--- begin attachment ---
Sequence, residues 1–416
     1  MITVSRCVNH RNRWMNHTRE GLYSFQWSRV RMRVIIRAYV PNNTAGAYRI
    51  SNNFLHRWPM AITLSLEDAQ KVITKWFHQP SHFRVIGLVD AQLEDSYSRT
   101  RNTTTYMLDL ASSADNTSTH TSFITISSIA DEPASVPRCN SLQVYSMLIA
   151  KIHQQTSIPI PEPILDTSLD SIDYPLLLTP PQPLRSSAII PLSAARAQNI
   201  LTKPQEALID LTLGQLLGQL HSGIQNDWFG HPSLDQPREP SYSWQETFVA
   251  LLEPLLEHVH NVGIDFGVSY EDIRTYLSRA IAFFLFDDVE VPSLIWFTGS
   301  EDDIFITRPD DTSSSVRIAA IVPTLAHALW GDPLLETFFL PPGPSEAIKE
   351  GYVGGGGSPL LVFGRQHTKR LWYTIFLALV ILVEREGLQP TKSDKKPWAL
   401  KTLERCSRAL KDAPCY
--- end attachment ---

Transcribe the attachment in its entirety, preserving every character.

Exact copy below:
Sequence, residues 1–416
     1  MITVSRCVNH RNRWMNHTRE GLYSFQWSRV RMRVIIRAYV PNNTAGAYRI
    51  SNNFLHRWPM AITLSLEDAQ KVITKWFHQP SHFRVIGLVD AQLEDSYSRT
   101  RNTTTYMLDL ASSADNTSTH TSFITISSIA DEPASVPRCN SLQVYSMLIA
   151  KIHQQTSIPI PEPILDTSLD SIDYPLLLTP PQPLRSSAII PLSAARAQNI
   201  LTKPQEALID LTLGQLLGQL HSGIQNDWFG HPSLDQPREP SYSWQETFVA
   251  LLEPLLEHVH NVGIDFGVSY EDIRTYLSRA IAFFLFDDVE VPSLIWFTGS
   301  EDDIFITRPD DTSSSVRIAA IVPTLAHALW GDPLLETFFL PPGPSEAIKE
   351  GYVGGGGSPL LVFGRQHTKR LWYTIFLALV ILVEREGLQP TKSDKKPWAL
   401  KTLERCSRAL KDAPCY